Trading Shares Just Got Disrupted. What Lessons Can the CFD Industry Learn?

Finance Magnates examined the zero-fee trading phenomenon, asking new market players for their opinion on the current changes.

The zero-fee trading phenomena took the US industry and investors by storm in 2019. Is there anything that the CFD industry as a whole can learn from it?

We had to wait until the end of 2019 to fully understand what the term “disrupted” means. The last quarter of the year brought a real tsunami to the financial world, particularly the US trading market. The biggest names in the industry, such as Charles Schwab, TD Ameritrade, and Etrade, became involved. Recently, even FXCM presented its own zero-fee stock trading offer. Why did the firm suddenly make such a move? Mostly because of Robinhood, one of the newcomers on the market, that actually disrupted it after entering the scene only a few years earlier.

Who buys into zero-fee trading?

While more than a decade ago, retail forex trading (and CFD outside the US) brought markets to smaller traders who were willing to trade and take a risk, Robinhood went even further. It managed to capture customers who previously were not interested in stock trading at all and did not want to take any risk.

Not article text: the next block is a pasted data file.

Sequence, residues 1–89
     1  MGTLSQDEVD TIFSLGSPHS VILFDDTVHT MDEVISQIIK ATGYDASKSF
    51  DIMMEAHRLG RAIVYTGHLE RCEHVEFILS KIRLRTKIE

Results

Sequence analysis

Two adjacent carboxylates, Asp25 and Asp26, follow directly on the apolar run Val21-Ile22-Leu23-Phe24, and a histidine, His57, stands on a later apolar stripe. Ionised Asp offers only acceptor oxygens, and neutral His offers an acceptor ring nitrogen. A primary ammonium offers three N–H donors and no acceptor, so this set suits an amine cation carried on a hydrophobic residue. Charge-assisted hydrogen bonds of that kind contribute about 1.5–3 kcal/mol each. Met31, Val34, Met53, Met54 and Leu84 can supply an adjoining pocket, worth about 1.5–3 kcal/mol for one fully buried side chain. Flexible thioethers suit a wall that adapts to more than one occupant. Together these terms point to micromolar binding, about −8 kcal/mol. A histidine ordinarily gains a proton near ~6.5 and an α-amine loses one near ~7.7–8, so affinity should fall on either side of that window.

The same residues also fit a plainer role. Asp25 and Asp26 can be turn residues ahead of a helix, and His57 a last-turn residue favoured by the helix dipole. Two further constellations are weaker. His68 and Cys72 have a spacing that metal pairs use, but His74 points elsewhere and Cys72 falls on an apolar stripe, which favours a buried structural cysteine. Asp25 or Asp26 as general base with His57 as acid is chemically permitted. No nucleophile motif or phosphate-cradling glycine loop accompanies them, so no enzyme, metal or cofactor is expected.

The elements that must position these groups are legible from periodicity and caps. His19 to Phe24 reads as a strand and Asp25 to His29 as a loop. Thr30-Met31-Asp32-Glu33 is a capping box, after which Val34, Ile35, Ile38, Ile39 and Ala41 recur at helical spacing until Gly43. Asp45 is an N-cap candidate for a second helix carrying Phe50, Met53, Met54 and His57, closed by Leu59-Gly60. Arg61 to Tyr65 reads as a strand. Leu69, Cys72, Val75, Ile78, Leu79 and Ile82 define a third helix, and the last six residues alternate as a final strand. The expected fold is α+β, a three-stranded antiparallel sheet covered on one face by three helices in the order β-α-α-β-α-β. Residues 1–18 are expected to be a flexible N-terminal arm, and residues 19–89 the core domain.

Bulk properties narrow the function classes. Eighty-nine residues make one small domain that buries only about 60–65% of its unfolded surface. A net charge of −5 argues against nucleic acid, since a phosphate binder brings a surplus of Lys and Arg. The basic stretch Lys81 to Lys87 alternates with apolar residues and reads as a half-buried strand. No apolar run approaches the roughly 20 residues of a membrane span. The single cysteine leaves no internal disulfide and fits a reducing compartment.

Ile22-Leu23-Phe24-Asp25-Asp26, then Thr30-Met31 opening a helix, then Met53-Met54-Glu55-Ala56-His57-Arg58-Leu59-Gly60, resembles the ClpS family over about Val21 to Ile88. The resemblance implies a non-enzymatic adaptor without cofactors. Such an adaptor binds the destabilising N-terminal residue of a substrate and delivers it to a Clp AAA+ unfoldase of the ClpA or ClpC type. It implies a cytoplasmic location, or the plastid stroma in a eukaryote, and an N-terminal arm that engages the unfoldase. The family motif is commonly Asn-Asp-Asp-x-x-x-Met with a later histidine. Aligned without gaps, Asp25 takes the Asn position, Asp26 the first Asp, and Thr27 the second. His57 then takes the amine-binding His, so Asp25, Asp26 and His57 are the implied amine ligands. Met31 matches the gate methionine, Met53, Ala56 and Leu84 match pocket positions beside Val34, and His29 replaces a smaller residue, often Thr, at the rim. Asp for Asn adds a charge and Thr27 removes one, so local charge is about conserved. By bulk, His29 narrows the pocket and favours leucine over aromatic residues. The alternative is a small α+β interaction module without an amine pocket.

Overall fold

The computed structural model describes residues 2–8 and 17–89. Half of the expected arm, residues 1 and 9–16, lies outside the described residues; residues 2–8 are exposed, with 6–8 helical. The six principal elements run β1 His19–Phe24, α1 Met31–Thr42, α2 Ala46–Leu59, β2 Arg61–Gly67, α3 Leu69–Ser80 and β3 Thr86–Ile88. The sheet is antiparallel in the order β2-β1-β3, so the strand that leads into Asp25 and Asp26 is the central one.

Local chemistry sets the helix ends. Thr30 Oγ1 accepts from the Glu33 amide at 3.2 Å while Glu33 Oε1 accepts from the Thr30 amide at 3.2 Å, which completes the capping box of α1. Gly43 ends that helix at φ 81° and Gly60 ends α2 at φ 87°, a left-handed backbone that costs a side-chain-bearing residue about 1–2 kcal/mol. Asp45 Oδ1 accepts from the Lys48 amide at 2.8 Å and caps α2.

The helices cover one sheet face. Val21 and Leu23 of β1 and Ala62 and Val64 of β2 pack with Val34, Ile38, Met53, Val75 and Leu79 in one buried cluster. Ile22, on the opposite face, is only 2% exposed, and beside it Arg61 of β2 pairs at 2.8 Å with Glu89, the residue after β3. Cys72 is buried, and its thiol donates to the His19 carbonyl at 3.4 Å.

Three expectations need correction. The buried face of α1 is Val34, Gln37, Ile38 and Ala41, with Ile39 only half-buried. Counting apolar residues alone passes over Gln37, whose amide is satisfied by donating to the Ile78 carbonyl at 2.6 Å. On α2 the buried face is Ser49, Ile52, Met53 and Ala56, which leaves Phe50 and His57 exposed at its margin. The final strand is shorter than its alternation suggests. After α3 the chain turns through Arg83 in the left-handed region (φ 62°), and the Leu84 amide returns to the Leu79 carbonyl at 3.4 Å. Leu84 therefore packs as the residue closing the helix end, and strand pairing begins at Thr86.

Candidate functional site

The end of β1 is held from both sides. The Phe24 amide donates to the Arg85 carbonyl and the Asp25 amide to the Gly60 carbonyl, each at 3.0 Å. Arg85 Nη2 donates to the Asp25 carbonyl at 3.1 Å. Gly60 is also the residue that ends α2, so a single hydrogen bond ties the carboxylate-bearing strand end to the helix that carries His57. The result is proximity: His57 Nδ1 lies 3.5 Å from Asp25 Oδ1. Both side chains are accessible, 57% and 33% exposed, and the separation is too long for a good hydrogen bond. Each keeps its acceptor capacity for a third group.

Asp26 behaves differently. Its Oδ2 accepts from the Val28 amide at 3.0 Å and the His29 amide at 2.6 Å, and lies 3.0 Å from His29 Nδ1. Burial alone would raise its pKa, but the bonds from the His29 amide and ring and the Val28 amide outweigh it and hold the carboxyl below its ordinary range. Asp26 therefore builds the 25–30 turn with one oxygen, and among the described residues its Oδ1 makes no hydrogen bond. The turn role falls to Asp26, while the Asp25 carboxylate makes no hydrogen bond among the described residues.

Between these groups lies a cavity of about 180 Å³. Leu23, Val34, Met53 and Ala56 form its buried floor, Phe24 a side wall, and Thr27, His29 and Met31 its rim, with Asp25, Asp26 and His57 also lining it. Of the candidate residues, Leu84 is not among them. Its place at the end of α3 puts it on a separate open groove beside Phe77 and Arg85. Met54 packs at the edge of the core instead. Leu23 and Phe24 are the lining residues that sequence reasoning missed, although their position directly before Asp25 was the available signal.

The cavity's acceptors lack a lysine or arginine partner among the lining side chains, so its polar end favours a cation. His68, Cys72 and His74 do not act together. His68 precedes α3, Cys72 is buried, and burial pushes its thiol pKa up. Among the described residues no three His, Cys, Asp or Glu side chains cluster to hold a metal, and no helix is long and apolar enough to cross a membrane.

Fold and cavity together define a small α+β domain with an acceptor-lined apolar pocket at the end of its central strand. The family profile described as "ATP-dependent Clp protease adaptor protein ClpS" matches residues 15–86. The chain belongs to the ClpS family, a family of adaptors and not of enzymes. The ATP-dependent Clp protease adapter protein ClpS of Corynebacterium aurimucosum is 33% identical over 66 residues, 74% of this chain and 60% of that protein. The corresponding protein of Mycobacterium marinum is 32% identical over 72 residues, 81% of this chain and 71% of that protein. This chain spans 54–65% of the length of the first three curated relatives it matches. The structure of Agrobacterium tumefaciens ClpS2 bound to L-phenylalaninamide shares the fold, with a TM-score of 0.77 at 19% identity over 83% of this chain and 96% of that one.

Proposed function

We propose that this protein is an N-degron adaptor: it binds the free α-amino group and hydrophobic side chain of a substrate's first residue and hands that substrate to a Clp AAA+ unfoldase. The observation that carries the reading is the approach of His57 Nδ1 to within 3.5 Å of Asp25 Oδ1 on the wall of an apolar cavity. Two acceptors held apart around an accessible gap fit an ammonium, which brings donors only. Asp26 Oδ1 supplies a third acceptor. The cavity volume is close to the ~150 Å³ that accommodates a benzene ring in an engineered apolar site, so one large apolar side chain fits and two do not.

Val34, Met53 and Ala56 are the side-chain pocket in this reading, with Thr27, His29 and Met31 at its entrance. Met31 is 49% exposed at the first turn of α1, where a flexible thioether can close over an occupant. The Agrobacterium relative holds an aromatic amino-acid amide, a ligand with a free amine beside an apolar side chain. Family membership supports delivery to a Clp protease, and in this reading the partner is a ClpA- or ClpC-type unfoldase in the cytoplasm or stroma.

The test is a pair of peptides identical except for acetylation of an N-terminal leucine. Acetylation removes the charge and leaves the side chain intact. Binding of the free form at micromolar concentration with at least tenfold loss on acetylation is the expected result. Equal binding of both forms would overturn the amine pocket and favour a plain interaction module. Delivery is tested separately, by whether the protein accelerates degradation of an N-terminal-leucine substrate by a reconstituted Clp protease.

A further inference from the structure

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From what is known, the average age of Robinhood’s customers is around 32. Most often, they are first-time investors, drawn to the easy experience of the trading process and low prices. They don’t even have to understand charting or operate advanced trading platforms. It is an entirely new category of customer, far less knowledgeable and demanding than FX/CFD traders. They are millennials, looking for simplicity, lack of risk, and low or no costs.

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Obviously, young and inexperienced millennial stock investors can be a tasty bite for CFD or spread-betting providers. First of all, they can be onboarded by CFD brokers faster as they already have their most difficult decision on putting capital to risk behind them, especially since the CFD industry offers trading instruments based on shares, which should be already familiar to millennial investors.

Secondly, we can imagine that smaller fintech firms, which will not succeed to the extent they wished, could sell their clients to CFD or FX brokers. Either way, with the zero-fee model disruption, a new wave of potential clients emerged, and that is something traditional OTC brokers should not miss.

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